THE AMAZON PINK DOLPHIN 23/6/2017
The Amazon Pink Dolphin is the official blog of SELVA-Vida Sin Fronteras
Opinion: What China and California have in common — the Amazon?
By Leila Salazar-López |
Chinese Vice President Xi Jinping, left, leaves the stage accompanied by Los Angeles Mayor Antonio Villaraigosa, center, and California Gov. Jerry Brown during a US-China economy forum in 2012 in Los Angeles. (AP Photo/Los Angeles Times, Robert Gauthier, Pool )
At a time when President Trump is moving the country in the wrong direction on climate change, Gov. Jerry Brown’s bold moves to place the state at the forefront are most welcome. His trip to China is no exception. He urged the country to be the world’s climate enforcer and asked for its help on further greening California’s economy.
But before making California an enthusiastic partner of China on climate action, Brown must address the significant climate impact of China’s foreign investments and of California’s contributions to those impacts.
That’s because Chinese funding of fossil fuel infrastructure in the Amazon, and California’s imports of much of that oil, generate a triple carbon impact: from the burning of the oil, the emissions released when cutting down the rainforest, and the destruction of the world’s largest carbon sink.
The Amazon rainforest is one of the most biologically diverse regions of the world. It’s essential to preserve in order to combat climate change. Yet today, Ecuador is opening up new, pristine Amazon indigenous rainforest territory to oil drilling, funded and propelled by China. And, though it seems counterintuitive, much of Ecuador’s oil ends up in California.
Chinese development banks and state-run companies have invested heavily across Latin America, including in Ecuador, in the past several years. Since 2010, the China Development Bank and China Export-Import Bank have provided $15.2 billion in loans.
Many of these loans must be paid by the sale of oil or fuel from Ecuador’s state-run Petroecuador to China’s state-run PetroChina International. After the recent collapse of crude prices, Ecuador must now drill even more oil to service its debt. Chinese investment is thus driving a new and destructive oil boom in the Amazon rainforests of Ecuador.
Instead of going to China, however, roughly 60 percent of Ecuador’s Amazon crude makes its way to the US, and more than half of that to California. It is processed in California refineries and sold throughout the state, as Amazon Watch revealed in a 2016 study.
California ranks third in the nation for refining capacity and, in 2016, about 10 percent of its fuel stock came from the Western Amazon. In fact, Ecuador ranks second only to Saudi Arabia in supplying crude oil to these refineries.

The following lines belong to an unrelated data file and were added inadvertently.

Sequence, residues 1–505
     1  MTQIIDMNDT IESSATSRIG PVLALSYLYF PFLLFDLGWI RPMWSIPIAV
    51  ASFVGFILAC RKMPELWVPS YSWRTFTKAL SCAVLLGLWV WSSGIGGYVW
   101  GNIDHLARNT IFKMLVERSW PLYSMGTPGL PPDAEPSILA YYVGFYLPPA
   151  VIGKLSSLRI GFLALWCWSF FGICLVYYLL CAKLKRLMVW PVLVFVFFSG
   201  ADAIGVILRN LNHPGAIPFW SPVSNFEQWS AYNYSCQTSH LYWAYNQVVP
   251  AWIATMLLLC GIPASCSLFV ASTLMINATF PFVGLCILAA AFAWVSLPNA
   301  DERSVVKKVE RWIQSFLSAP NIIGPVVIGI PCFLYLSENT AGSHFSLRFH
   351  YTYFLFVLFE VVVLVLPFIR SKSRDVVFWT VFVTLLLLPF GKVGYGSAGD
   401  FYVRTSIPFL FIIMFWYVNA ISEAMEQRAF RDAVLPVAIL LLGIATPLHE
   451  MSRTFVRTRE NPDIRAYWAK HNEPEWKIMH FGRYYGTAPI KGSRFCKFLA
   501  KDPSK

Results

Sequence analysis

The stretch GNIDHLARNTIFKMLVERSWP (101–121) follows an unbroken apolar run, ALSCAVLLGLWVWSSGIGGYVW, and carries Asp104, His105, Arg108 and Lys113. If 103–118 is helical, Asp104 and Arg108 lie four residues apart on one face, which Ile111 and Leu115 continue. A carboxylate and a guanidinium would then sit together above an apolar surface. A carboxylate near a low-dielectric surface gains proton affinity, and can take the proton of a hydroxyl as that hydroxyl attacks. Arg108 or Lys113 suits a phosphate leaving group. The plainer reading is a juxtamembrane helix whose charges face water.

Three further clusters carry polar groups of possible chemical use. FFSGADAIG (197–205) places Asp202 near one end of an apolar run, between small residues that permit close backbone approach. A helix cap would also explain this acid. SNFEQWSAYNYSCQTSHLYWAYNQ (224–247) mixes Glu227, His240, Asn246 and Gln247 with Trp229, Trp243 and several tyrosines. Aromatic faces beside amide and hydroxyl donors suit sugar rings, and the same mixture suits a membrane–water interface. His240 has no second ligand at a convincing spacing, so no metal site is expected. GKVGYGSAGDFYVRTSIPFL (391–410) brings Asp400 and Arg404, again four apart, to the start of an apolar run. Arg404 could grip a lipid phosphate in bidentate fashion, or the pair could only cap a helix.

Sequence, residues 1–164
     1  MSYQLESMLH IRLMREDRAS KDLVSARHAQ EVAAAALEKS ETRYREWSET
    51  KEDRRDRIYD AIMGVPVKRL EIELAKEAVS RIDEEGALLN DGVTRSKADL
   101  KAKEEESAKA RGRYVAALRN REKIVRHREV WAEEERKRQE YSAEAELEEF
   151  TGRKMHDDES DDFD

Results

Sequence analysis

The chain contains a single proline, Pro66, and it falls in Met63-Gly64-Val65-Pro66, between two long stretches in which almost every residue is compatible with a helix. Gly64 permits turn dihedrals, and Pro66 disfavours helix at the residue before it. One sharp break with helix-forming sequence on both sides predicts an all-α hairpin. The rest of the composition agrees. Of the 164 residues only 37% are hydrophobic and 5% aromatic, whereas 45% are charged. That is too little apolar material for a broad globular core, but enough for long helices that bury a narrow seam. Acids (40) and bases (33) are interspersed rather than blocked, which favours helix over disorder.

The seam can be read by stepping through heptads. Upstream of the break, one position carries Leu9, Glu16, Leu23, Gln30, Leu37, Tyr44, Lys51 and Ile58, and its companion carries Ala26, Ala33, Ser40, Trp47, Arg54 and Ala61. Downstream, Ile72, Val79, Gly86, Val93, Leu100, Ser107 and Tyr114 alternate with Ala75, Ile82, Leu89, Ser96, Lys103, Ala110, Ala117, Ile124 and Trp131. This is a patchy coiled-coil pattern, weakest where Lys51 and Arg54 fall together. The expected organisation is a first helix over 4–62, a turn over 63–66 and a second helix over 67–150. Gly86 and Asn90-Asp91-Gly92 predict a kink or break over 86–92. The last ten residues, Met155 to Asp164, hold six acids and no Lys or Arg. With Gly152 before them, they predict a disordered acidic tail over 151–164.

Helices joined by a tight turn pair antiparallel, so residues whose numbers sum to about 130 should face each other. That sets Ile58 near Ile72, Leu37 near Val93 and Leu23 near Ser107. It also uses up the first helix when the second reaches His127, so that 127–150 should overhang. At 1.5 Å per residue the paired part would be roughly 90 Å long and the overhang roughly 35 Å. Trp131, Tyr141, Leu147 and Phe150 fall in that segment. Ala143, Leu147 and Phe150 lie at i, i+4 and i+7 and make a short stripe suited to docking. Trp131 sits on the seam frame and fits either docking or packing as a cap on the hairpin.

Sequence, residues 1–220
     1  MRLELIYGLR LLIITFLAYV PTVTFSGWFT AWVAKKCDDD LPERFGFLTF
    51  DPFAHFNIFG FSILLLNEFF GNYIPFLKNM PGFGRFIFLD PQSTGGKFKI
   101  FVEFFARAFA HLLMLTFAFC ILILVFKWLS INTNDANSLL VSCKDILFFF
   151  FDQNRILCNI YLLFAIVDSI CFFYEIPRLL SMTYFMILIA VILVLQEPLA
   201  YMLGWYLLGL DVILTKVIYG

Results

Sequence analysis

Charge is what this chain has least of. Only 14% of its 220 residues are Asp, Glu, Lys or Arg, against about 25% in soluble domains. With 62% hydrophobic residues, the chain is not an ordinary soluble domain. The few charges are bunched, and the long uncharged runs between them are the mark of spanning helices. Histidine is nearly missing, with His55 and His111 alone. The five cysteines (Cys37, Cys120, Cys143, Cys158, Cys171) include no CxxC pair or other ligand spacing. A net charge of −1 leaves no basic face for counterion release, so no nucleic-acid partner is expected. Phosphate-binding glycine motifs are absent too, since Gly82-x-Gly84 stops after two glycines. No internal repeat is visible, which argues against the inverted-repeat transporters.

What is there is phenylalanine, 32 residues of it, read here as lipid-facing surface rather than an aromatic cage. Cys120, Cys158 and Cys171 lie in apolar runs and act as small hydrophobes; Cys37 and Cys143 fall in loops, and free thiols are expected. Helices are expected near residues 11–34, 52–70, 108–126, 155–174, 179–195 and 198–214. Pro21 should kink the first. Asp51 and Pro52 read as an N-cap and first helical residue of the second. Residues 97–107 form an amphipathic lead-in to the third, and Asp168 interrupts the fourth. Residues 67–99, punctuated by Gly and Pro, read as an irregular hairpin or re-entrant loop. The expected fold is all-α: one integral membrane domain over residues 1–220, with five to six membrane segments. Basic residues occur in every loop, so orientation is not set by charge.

The impacts of drilling in the Amazon rainforest are dire both for its world-renowned biodiversity – areas of Ecuador’s Amazon boast some of the highest rates of species diversity and endemism in the world – and its indigenous peoples, many of whom have long rejected controversial drilling plans on their lands.
These forests and people already suffered through the world’s largest environmental disaster in history due to previous oil drilling by companies like Texaco (now Chevron) and state-run oil companies. The risks that the Amazon rainforest and its indigenous protectors face cannot be ignored if Brown and China truly want to prevent climate catastrophe.
As long as the current U.S. administration will not provide leadership on climate, it is important for California to look elsewhere for willing and able partners. But the state must assess the full climate impacts of its own supply chains, and assure that its partners do, in fact, have a commitment to global climate leadership.
With so much Amazon crude coming to California, spurred by Chinese investments, Brown has an incredible opportunity to contribute to the protection of the Amazon rainforest and to triple the reduction of California’s climate impact. He can act to end Amazon crude. We hope he will seize this opportunity.
Source: The Mercury News
The Ecuadorian Amazon Region is home to 11 identified indigenous civilizations. The Quichuas and the Shuar being the most numerous followed by the Achuar, Cofan, Huaorani, Secoya, Shiwar, Siona, Taromenani, Tagaeri and Zaparo. Population estimates for 2010 fluctuate between 105,000 to 120,000 indigenous inhabitants.
Geographically the region forms the principal headwaters of the Amazon River basin, which is the source of 18% of our planet’s daily fresh water supply. The Ecuadorian Amazon represents 30% of the world’s biodiversity as it comprises the largest and most species-rich tract of tropical rainforest in the world; roughly 40,000 plant and tree species, 3,000 fish, 1,560 birds, 430 mammals, 420 amphibians, and 380 reptiles have been classified, including an almost infinite number of insect species.
Indigenous communities have inhabited the Amazon for over ten thousand years, with total population estimates reaching two million in the early twentieth century. Prior to 1950, their society can best be categorized as nomadic hunters and gatherers, who followed the migration patterns of animals within a boarder free geographical area of approximately 13 million hectares.